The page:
Jill Dyche on 2012

In part 3 of the series for predictions for 2012, here is Jill Dyche, Baseline Consulting/DataFlux.

Part 2 was Timo Elliot, SAP at http://www.decisionstats.com/timo-elliott-on-2012/ and Part 1 was Jim Kobielus, Forrester at http://www.decisionstats.com/jim-kobielus-on-2012/

Ajay: What are the top trends you saw happening in 2011?

 

Well, I hate to say I saw them coming, but I did. A lot of managers committed some pretty predictable mistakes in 2011. Here are a few we witnessed in 2011 live and up close:

 

1.       In the spirit of “size matters,” data warehouse teams continued to trumpet the volumes of stored data on their enterprise data warehouses. But a peek under the covers of these warehouses reveals that the data isn’t integrated. Essentially this means a variety of heterogeneous virtual data marts co-located on a single server. Neat. Big. Maybe even worthy of a magazine article about how many petabytes you’ve got. But it’s not efficient, and hardly the example of data standardization and re-use that everyone expects from analytical platforms these days.

 

2.       Development teams still didn’t factor data integration and provisioning into their project plans in 2011. So we saw multiple projects spawn duplicate efforts around data profiling, cleansing, and standardization, not to mention conflicting policies and business rules for the same information. Bummer, since IT managers should know better by now. The problem is that no one owns the problem. Which brings me to the next mistake…

 

3.       No one’s accountable for data governance. Yeah, there’s a council. And they meet. And they talk. Sometimes there’s lunch. And then nothing happens because no one’s really rewarded—or penalized for that matter—on data quality improvements or new policies. And so the reports spewing from the data mart are still fraught and no one trusts the resulting decisions.

 

But all is not lost since we’re seeing some encouraging signs already in 2012. And yes, I’d classify some of them as bona-fide trends.

 

Ajay: What are some of those trends?

 

Job descriptions for data stewards, data architects, Chief Data Officers, and other information-enabling roles are becoming crisper, and the KPIs for these roles are becoming more specific. Data management organizations are being divorced from specific lines of business and from IT, becoming specialty organizations—okay, COEs if you must—in their own rights. The value proposition for master data management now includes not just the reconciliation of heterogeneous data elements but the support of key business strategies. And C-level executives are holding the data people accountable for improving speed to market and driving down costs—not just delivering cleaner data. In short, data is becoming a business enabler. Which, I have to just say editorially, is better late than never!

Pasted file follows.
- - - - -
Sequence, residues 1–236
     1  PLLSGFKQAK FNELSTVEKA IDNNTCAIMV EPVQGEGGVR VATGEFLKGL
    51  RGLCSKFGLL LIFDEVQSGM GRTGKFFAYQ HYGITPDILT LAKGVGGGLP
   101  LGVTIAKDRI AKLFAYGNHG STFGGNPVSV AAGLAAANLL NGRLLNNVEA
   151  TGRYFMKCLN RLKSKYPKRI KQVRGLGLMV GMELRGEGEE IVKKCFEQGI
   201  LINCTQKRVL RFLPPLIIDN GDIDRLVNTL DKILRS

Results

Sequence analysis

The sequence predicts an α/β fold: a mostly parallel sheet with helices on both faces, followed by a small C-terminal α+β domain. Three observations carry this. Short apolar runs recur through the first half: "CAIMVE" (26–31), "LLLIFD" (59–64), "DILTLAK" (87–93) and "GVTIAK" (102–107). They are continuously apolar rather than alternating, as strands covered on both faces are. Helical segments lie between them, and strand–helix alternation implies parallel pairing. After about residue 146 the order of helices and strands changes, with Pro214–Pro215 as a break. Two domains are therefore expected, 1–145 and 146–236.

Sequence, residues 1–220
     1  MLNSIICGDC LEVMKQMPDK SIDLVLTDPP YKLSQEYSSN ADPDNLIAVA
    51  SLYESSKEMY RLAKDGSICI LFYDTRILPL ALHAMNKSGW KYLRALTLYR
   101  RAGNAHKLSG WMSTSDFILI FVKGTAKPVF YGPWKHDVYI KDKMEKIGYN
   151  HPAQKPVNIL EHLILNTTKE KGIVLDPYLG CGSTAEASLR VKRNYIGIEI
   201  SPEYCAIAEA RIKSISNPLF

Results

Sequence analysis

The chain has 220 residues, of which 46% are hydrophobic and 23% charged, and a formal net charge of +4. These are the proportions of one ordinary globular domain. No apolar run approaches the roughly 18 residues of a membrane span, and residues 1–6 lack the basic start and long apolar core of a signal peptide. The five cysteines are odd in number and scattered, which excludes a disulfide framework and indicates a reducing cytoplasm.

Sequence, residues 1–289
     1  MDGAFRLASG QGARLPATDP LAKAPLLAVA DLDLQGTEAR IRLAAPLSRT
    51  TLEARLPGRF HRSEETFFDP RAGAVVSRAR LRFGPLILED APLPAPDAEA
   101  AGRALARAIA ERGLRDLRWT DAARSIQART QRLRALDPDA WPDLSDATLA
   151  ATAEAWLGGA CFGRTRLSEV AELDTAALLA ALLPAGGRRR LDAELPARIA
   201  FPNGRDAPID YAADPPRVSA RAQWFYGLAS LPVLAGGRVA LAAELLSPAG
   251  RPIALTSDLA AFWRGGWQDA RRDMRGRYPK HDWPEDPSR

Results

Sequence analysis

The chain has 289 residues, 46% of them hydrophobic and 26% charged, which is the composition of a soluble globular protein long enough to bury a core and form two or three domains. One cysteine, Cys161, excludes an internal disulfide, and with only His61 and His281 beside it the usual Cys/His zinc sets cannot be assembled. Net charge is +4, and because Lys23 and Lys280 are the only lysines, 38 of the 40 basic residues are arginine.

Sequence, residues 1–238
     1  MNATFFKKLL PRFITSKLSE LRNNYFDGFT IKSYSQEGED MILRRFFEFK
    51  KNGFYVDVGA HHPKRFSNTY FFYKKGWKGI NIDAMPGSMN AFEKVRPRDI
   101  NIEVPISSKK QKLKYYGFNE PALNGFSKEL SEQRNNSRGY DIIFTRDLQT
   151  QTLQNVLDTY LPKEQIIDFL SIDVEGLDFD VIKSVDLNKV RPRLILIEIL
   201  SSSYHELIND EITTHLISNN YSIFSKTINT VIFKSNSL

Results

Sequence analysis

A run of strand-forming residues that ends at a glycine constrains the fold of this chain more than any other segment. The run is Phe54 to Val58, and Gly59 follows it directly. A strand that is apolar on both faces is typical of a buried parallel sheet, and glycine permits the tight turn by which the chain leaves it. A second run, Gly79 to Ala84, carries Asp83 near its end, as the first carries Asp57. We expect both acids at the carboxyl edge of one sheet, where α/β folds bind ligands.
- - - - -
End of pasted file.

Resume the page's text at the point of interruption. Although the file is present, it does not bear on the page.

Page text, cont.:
Ajay: Anything surprise you, Jill?

 

I have to say that Obama mentioning data management in his State of the Union speech was an unexpected but pretty powerful endorsement of the importance of information in both the private and public sector.

 

I’m also sort of surprised that data governance isn’t being driven more frequently by the need for internal and external privacy policies. Our clients are constantly asking us about how to tightly-couple privacy policies into their applications and data sources. The need to protect PCI data and other highly-sensitive data elements has made executives twitchy. But they’re still not linking that need to data governance.

 

I should also mention that I’ve been impressed with the people who call me who’ve had their “aha!” moment and realize that data transcends analytic systems. It’s operational, it’s pervasive, and it’s dynamic. I figured this epiphany would happen in a few years once data quality tools became a commodity (they’re far from it). But it’s happening now. And that’s good for all types of businesses.

 

About-

Jill Dyché has written three books and numerous articles on the business value of information technology. She advises clients and executive teams on leveraging technology and information to enable strategic business initiatives. Last year her company Baseline Consulting was acquired by DataFlux Corporation, where she is currently Vice President of Thought Leadership. Find her blog posts on www.dataroundtable.com.

Interview Scott Gidley CTO and Founder, DataFlux

Here is an interview with Scott Gidley, CTO and co-founder of leading data quality ccompany DataFlux . DataFlux is a part of SAS Institute and in 2011 acquired Baseline Consulting besides launching the latest version of their Master Data Management  product. Continue reading “Interview Scott Gidley CTO and Founder, DataFlux”

Short Interview Jill Dyche

Here is brief one question interview with Jill Dyche , founder Baseline Consulting.

 

In 2010.

 

  • It was more about consciousness-raising in the executive suite—
  • getting C-level managers to understand the ongoing value proposition of BI,
  • why MDM isn’t their father’s database, and
  • how data governance can pay for itself over time.
  • Some companies succeeded with these consciousness-raising efforts. Some didn’t.

 

But three big ones in 2011 would be:

  1. Predictive analytics in the cloud. The technology is now ready, and so is the market—and that includes SMB companies.
  2. Enterprise search being baked into (commoditized) BI software tools. (The proliferation of static reports is SO 2006!)
  3. Data governance will begin paying dividends. Until now it was all about common policies for data. In 2011, it will be about ROI.

I do a “Predictions for the coming year” article every January for TDWI,

Note- Jill ‘s January TDWI article seems worth waiting for in this case.

About-

Source-http://www.baseline-consulting.com/pages/page.asp?page_id=49125